now charging `room and board': Berks
County jail in Pennsylvania charges
inmates $10 a day.
Private money, private justice
Like the military/industrial complex,
the prison industrial complex is an
interweaving of private business and
Government interests. Its public
rationale is the fight against crime. Its
two-fold purpose is profit and social
control. Fear of crime and the
demonisation of criminals serve a
similar ideological purpose: to justify
the use of tax dollars for the
repression and incarceration of a
growing percentage of the population.
Though it is serial killers and rapists
who cause headlines, most of those
locked up are poor people who commit
non-violent crimes out of economic
need. Still, the building and
maintenance of prisons is big business
and a change of policy would hit
profits. Investment houses,
construction companies, architects,
and support services such as food,
medical, transportation and furniture
all stand to profit by prison expansion.
Three strikes? Not even one!
These trends have been accelerated by
the explosive growth in private prison
companies. The rationale for
privatisation is that Government
monopolies, such as old-fashioned
departments of corrections, are
wasteful and inefficient, and the
private sector, through competition for
contracts, can provide much better
service at a much lower cost. Like PFI
in Britain ­ inspired by the prison-
building programme in America ­ a
private company will either run the
prison for a Government agency, or
build and operate its own. Private
prisons are built and run more cheaply
than state prisons but not because the
private sector is more efficient: most
of the savings come from the use of
non-union labour.
Today, at least 27 states make use
of private prisons and approximately
90,000 inmates are being held in
prisons run for profit. The Correctional
Corporation of America, one of the
largest private prison owners, already
operates internationally, with more
than 48 facilities in 11 states, Puerto
Rico, the United Kingdom and
Australia. Under contract by
Government to run jails and prisons,
and paid a fixed sum per prisoner, the
profit motive mandates that these
firms operate as cheaply as possible.
Correctional officers in private
prisons usually earn lower wages than
officers employed by state prisons,
while receiving fewer benefits and no
pension. Prison owners are also raking
in billions by cutting corners.
Substandard diets, extreme
overcrowding and abuse by poorly-
trained personnel have all been
routinely documented. It is here that
capitalist business principles take over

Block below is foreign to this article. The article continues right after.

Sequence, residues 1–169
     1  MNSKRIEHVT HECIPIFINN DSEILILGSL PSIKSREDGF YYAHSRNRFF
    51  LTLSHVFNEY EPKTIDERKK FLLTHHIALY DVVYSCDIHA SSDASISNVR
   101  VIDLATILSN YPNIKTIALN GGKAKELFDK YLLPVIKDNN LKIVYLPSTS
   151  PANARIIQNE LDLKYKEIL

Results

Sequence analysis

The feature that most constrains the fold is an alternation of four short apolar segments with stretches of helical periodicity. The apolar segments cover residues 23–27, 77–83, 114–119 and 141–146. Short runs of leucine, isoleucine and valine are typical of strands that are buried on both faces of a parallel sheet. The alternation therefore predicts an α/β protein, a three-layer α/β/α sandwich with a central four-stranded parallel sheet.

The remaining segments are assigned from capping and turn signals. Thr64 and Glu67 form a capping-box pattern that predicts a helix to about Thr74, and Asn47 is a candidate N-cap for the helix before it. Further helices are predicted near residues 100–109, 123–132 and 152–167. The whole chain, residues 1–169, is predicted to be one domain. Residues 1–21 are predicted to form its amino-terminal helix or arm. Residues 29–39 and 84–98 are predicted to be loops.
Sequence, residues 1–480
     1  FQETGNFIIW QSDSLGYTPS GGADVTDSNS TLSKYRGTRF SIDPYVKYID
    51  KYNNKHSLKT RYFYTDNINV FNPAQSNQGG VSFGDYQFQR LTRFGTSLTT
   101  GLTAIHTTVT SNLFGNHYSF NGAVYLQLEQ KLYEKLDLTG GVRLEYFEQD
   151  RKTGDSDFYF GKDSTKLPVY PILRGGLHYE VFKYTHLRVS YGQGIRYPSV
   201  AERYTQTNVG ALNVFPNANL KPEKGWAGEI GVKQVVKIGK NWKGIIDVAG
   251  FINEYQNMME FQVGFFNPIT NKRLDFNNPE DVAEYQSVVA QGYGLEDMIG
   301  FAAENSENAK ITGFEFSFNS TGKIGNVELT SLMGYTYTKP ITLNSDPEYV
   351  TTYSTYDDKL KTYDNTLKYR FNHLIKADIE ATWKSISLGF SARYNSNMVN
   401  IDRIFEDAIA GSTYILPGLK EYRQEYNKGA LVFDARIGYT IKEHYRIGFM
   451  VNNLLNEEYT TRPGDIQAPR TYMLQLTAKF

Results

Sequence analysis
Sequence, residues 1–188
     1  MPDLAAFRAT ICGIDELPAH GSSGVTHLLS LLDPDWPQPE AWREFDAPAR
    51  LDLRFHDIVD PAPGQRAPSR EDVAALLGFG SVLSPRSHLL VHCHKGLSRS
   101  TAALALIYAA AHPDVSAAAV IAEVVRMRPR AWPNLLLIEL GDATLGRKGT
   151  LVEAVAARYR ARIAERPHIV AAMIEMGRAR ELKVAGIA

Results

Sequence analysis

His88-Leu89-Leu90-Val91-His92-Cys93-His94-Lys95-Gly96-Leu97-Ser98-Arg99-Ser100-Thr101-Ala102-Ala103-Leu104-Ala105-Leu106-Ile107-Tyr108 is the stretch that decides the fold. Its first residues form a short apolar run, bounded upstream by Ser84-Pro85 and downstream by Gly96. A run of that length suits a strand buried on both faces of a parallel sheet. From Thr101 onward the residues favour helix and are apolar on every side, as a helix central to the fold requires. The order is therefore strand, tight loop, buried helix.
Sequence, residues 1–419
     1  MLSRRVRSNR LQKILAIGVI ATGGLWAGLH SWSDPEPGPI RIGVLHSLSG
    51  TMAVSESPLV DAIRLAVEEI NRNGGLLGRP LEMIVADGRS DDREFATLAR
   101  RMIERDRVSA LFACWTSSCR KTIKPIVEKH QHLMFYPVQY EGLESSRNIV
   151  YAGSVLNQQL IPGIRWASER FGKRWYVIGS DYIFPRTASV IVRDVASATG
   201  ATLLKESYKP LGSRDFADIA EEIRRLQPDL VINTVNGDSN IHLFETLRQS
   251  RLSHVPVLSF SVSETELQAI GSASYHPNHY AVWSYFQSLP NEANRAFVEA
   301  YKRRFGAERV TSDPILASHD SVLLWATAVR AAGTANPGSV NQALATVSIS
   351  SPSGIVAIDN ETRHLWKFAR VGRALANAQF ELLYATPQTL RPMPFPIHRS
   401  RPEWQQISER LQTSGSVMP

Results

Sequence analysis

and begin to distort the ugly processes
of law-making, arrest, trial and
Not even the roads are safe
Private companies transport thousands
of inmates across the United States
every day with minimal oversight.
Federal regulations concerning the
interstate shipment of cattle are much
stricter than those concerning the
shipment of prisoners.
The firms save money by employing
non-union guards and making multiple
pickups and deliveries on each trip.
Prisoners may spend as long as a
month on the road, visiting dozens of
states, sitting for days in the backs of
old station wagons and vans, locked
up alongside defendants awaiting trial
and offenders on their way to prison.
The turnover rate among the
transport guards and drivers is high;
the pay is relatively low; and training
for the job rarely lasts more than a
week. Violent criminals are being
shipped from state to state in the
custody of people ill-equipped to deal
with them.
America's first line of defence ­
against itself
As the Cold War winds down, defence
industry giants like Westinghouse are
lobbying Washington for their share of
the domestic law enforcement market.
The corporations are moving into
every aspect of law enforcement, often
offering bribes and inducements to
Government agencies in exchange for
lucrative contracts.
Since 1980, spending on
corrections at the local, state, and
federal levels has increased about
fivefold. What was once a niche
business for a handful of companies
has become a multibillion-dollar
industry with its own trade shows and
conventions, websites, mail-order
catalogues and direct-marketing
The prison-industrial complex now
includes some of the nation's largest
architecture and construction firms,
Wall Street investment banks that
handle prison bond issues and invest
in private prisons, plumbing, catering
and health-care companies. As the
prison industry has grown, the line
between public and private interests
has blurred. Prison service officials
find lucrative employment with firms
that supply the prison industry.
The prison-
industrial complex
now includes some
of the nation's
largest firms.
The flight of capital
The anti-globalisation movement has
become wise to the fact that capital
flows to wherever it can make most
profit, often to the hurt of the people
who have helped it grow rich and
powerful. It rails against sweatshops
in Thailand and Indonesia but ignores
the internal colonies on its own
The American state wages a half-
hearted war against drug production
in the Third World. Why? Because the
financial interests of major
corporations ­ donating millions to
right-wing politicians and their
campaigns ­ have a vested interest in
the arrest and punishment of millions
of Americans of colour for drug use
and possession. Public policy has, as
so often in America's past, become
the plaything of private interests.
Capitalism is continually
forced to seek ways to intensify
exploitation. Casualisation and
flexibilisation run parallel to each
other, whether in the prison-factories
of Tennessee or factory-prisons of
China, defended by a fearsome system
of violent repression and punishment
in America and abroad.
Prisoners are fighting back with
strikes and union-inspired militancy.
But until the dispossessed workers of
America can find common cause with
the millions of working class people
forced to labour as virtual slaves in
the rural gulags of the penal system,
nothing will change.
For some, poverty is the prison, for
others mindless consumption. For the
rest, there is always the prison-
industrial complex ­ and 25c an hour.

>From Organise!, thrice yearly magazine of the
Anarchist Federation (Britain/Ireland), now available
in PDF format at: